Monday, July 2, 2012

Tell the EPA: Keep Diesel Out of Our Water

Hydraulic fracturing, or "fracking," is a dangerous drilling technique threatening water, air, wildlife and public health all over the United States. It's done by blasting millions of gallons of a chemical-water-sand mixture deep into the Earth to break up rock formations to harvest oil and gas.

In 2005, in a law known as the "Halliburton loophole," Congress exempted the chemicals used in fracking from regulation under the Safe Drinking Water Act --with one exception: diesel fuel. The Environmental Protection Agency has just asked for public comment on how it should regulate the use of diesel fuel in fracking.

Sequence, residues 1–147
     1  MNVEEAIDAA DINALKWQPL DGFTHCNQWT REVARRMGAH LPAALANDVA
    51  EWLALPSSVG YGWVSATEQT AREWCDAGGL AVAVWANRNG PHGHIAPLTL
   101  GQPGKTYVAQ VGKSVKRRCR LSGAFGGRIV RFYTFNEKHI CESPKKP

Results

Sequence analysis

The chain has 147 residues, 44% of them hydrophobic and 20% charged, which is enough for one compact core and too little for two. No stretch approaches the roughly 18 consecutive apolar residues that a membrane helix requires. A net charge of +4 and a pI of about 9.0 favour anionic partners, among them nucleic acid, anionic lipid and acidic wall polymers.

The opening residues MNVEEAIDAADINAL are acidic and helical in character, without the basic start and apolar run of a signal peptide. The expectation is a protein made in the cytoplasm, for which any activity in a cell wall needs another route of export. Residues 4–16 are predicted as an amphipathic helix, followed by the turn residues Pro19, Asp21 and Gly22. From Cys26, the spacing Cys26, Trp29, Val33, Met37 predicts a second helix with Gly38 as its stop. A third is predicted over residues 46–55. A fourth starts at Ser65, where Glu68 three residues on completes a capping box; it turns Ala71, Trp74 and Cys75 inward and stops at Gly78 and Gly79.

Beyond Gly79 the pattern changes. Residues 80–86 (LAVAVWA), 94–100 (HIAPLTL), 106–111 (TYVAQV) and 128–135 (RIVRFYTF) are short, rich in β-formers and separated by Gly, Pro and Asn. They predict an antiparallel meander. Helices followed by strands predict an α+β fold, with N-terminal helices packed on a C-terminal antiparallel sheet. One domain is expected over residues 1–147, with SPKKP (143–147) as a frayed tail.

Evidence is mounting throughout the country that fracking chemicals are making their way into aquifers and drinking water, and diesel contains the toxic substances benzene, toluene, ethylbenzene and xylene. Risking more chemical contamination of our drinking water is a no-go.

Take action to tell the EPA to take the immediate step of banning the use of diesel in fracking fluid.

RSVP here:

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